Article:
Thajuddin posed a rhetorical question which highlighted the sheer failure and disaster of the sorry state of Disaster Management Preparedness of the NSC under the chairmanship of Deputy Prime Minister, Tan Sri Muhyiddin Yassin instead of justifying the NSC’s total breakdown of chain of command and communications during crucial first few days of the floods catastrophe, viz:
“Even if I have 50 or 100 officers down there, if I call everybody in the whole country to be there in Kota Baru, but if you can’t communicate with them there, what can you do?”
As a result, we have the shocking episode of the Prime Minister, Datuk Seri Najib Razak, only realising that the floods disaster was a “major catastrophe” on the fourth day of his return after cutting short his vacation in Hawaii, after he had visited the two worst flood-stricken districts of Gua Musang and Kuala Krai.
This is the fourth week of the worst floods catastrophe in living memory in Malaysia, but the third phase of the flood disaster reconstruction has hardly started.
On Wednesday, a Johore DAP flood relief mission comprising DAP Johore elected representativers and state leaders led by DAP Johor Chairman and MP for Kluang Liew Chin Tong had a very depressing visit to some of the Ground Zero kampongs in Kuala Krai like Kampong Manjur and Kampung Karangan.
This is Chin Tong’s report:
“It has been almost four weeks since the floods in Kuala Krai on 22th December 2014 but the local conditions are almost unchanged and increasingly worrying. The clean-up efforts are frustratingly slow.
“Firstly, the Federal Government should declare an emergency on areas worst hit by flood and deploy the armed forces personnel and all possible assets to clean up once and for all immediately to prevent the outbreaks of disease.
“I saw with my own eyes in Manjor a Health Ministry car with loudspeaker moving around to advise the residents to use clean water and to use proper toilets. But the irony is that there is no water and electricity supply, and the residents are bathing in the river…
“Second, the rebuilding of Kuala Krai and beyond must not be a way for crony contractors to con the Federal government for contracts. Governments of all levels, as well as NGOs, should give emphasis to creating temporary jobs for the locals in the rebuilding effort…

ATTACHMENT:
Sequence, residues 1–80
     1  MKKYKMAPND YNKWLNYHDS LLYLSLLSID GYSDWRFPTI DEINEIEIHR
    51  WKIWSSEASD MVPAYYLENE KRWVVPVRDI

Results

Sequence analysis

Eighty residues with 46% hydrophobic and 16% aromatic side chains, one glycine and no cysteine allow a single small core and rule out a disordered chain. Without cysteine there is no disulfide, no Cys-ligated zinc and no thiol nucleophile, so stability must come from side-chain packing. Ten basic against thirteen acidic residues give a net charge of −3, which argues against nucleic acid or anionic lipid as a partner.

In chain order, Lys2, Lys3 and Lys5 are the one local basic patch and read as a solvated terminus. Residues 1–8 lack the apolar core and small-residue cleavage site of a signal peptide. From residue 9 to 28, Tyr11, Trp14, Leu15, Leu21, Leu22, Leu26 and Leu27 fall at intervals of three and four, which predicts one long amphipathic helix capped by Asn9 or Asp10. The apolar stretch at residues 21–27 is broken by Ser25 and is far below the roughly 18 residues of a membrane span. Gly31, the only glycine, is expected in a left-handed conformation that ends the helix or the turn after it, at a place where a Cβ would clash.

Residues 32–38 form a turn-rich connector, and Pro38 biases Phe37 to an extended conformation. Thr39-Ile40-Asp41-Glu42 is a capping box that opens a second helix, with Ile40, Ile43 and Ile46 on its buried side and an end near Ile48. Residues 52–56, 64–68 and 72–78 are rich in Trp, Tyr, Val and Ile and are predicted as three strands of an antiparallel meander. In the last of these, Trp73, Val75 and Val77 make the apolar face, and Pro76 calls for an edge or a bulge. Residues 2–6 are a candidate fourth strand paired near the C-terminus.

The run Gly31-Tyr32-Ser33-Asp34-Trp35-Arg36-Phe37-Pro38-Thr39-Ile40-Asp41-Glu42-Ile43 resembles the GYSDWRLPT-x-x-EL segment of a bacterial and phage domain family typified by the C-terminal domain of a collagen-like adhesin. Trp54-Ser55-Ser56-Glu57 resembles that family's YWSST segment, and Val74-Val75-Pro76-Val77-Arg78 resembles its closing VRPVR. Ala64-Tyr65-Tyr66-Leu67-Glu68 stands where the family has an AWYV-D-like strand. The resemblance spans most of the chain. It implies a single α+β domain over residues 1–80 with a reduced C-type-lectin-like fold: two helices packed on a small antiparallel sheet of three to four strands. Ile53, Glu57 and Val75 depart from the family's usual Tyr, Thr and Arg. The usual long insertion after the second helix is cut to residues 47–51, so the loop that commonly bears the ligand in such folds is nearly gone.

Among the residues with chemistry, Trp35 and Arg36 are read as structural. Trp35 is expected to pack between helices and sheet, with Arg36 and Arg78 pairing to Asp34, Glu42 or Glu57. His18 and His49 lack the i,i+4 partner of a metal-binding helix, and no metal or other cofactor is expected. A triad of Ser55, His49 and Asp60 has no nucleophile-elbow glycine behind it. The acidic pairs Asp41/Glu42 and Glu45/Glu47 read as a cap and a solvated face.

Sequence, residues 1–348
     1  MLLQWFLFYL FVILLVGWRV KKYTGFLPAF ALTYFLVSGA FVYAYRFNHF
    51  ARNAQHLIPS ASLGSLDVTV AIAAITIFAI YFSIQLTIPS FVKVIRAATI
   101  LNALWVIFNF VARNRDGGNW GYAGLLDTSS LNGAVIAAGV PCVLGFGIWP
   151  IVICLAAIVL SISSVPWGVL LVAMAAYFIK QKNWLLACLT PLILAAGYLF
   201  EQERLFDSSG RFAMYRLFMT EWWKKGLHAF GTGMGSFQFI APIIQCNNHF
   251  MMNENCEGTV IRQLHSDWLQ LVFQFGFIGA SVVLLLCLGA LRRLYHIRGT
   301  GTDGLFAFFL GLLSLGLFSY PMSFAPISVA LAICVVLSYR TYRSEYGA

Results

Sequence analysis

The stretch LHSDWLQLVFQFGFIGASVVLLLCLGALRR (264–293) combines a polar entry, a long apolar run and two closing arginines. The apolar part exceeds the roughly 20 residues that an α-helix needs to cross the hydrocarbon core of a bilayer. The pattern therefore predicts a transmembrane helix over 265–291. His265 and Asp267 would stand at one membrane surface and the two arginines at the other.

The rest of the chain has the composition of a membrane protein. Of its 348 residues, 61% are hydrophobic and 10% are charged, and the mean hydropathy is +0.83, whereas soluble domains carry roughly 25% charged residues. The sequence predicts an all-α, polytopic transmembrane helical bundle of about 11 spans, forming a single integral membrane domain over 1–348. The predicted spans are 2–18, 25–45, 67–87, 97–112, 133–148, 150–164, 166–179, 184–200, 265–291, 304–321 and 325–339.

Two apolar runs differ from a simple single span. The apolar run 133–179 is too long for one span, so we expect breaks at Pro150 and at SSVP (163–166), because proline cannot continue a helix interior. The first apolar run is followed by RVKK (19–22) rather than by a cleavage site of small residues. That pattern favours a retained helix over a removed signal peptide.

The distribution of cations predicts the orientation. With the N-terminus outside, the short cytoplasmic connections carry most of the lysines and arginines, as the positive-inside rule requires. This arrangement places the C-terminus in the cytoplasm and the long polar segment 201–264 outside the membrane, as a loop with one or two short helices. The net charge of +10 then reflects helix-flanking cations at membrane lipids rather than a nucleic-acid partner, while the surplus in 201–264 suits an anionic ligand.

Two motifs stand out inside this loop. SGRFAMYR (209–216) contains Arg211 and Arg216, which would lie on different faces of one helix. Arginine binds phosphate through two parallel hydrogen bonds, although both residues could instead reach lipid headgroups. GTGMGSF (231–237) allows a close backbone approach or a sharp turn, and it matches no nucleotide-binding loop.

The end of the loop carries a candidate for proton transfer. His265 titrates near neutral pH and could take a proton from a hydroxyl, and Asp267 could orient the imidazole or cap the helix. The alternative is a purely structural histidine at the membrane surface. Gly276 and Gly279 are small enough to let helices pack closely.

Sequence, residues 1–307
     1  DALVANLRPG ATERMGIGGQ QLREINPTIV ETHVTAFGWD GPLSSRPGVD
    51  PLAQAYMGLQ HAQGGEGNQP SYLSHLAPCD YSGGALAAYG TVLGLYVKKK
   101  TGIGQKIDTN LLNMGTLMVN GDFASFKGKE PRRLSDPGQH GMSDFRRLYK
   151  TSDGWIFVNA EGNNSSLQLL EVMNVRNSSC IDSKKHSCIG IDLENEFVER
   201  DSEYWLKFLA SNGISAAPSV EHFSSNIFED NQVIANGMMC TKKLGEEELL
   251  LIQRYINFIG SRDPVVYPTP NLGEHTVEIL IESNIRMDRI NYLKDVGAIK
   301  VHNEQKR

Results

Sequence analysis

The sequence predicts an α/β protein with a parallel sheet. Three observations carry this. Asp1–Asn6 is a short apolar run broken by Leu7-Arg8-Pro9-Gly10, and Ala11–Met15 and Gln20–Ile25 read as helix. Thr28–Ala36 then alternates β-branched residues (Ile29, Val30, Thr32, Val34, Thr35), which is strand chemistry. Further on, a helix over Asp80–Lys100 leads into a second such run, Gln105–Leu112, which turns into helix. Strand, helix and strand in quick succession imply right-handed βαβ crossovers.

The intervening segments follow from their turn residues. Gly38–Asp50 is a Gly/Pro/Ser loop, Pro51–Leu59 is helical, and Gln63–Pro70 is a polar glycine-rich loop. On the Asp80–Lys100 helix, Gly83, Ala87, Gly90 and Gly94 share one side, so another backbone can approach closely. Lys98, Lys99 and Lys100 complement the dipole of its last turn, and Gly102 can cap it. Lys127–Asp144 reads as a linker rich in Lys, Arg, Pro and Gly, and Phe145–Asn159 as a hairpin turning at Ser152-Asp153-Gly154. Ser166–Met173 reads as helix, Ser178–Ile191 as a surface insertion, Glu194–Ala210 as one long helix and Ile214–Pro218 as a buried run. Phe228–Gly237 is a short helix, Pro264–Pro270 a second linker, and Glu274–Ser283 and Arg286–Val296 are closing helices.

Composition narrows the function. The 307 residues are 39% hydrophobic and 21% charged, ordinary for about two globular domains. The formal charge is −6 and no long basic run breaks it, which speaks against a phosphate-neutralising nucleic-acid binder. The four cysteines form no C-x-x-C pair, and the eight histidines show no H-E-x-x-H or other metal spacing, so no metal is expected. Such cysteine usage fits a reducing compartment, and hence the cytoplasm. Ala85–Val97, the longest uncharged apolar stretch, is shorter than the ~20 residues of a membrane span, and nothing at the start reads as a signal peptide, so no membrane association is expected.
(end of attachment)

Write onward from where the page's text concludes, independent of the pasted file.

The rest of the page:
“Something serious must be done very quickly to protect public health, and temporary jobs should be created to keep the local economy moving. ”
The NSC must pull itself up by the bootstraps as its second and third phases of relief and reconstruction in the worst floods catastrophe in living memory are not up to the mark and not impressive at all, after a very dismal performance in the first phase of response to the floods catastrophe.
This is why I have called for a Royal Commission of Inquiry to carry out a comprehensive review of the government’s Disaster Management Preparedness, whether response, relief or reconstruction to ensure that the grave weaknesses, lapses and failures of disaster management preparations, mitigation, relief and reconstruction in the 2014 Floods Disaster become object lessons in dealing with future disasters.
Instead of looking for excuses by making the false and ludicrous claim that Malaysia had not done too badly, as the recent floods catastrophe was like Japan’s 2011 apocalyse of triple earthquake, tsunami and nuclear catrastrophes, Malaysian leaders should wake up from their complacency and comfort zone and learn from the lessons, mistakes and failures of Disaster Management in all three phases of response, relief and reconstruction in the 2014 Floods Catastrophe.